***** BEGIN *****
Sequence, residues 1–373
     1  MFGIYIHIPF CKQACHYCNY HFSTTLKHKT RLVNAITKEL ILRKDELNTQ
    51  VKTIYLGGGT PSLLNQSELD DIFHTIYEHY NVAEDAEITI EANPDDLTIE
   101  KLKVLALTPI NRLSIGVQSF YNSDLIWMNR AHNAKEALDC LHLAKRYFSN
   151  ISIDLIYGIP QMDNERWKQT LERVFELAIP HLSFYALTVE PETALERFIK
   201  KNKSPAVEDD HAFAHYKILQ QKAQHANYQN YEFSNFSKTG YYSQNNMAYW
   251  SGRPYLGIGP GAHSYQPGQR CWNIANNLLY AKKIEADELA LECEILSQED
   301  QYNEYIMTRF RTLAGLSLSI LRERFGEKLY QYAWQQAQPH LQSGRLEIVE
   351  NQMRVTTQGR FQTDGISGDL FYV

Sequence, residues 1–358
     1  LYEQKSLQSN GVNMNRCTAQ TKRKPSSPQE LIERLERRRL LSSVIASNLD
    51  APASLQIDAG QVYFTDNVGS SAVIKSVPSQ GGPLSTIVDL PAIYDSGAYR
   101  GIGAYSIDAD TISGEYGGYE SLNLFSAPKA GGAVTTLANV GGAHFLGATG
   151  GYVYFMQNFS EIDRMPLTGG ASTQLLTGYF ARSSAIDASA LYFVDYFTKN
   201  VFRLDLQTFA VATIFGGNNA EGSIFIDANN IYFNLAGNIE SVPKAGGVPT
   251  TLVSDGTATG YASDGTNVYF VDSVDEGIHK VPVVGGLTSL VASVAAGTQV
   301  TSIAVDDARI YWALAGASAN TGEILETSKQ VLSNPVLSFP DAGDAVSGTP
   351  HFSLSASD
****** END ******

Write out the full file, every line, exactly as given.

Sequence, residues 1–373
     1  MFGIYIHIPF CKQACHYCNY HFSTTLKHKT RLVNAITKEL ILRKDELNTQ
    51  VKTIYLGGGT PSLLNQSELD DIFHTIYEHY NVAEDAEITI EANPDDLTIE
   101  KLKVLALTPI NRLSIGVQSF YNSDLIWMNR AHNAKEALDC LHLAKRYFSN
   151  ISIDLIYGIP QMDNERWKQT LERVFELAIP HLSFYALTVE PETALERFIK
   201  KNKSPAVEDD HAFAHYKILQ QKAQHANYQN YEFSNFSKTG YYSQNNMAYW
   251  SGRPYLGIGP GAHSYQPGQR CWNIANNLLY AKKIEADELA LECEILSQED
   301  QYNEYIMTRF RTLAGLSLSI LRERFGEKLY QYAWQQAQPH LQSGRLEIVE
   351  NQMRVTTQGR FQTDGISGDL FYV

Sequence, residues 1–358
     1  LYEQKSLQSN GVNMNRCTAQ TKRKPSSPQE LIERLERRRL LSSVIASNLD
    51  APASLQIDAG QVYFTDNVGS SAVIKSVPSQ GGPLSTIVDL PAIYDSGAYR
   101  GIGAYSIDAD TISGEYGGYE SLNLFSAPKA GGAVTTLANV GGAHFLGATG
   151  GYVYFMQNFS EIDRMPLTGG ASTQLLTGYF ARSSAIDASA LYFVDYFTKN
   201  VFRLDLQTFA VATIFGGNNA EGSIFIDANN IYFNLAGNIE SVPKAGGVPT
   251  TLVSDGTATG YASDGTNVYF VDSVDEGIHK VPVVGGLTSL VASVAAGTQV
   301  TSIAVDDARI YWALAGASAN TGEILETSKQ VLSNPVLSFP DAGDAVSGTP
   351  HFSLSASD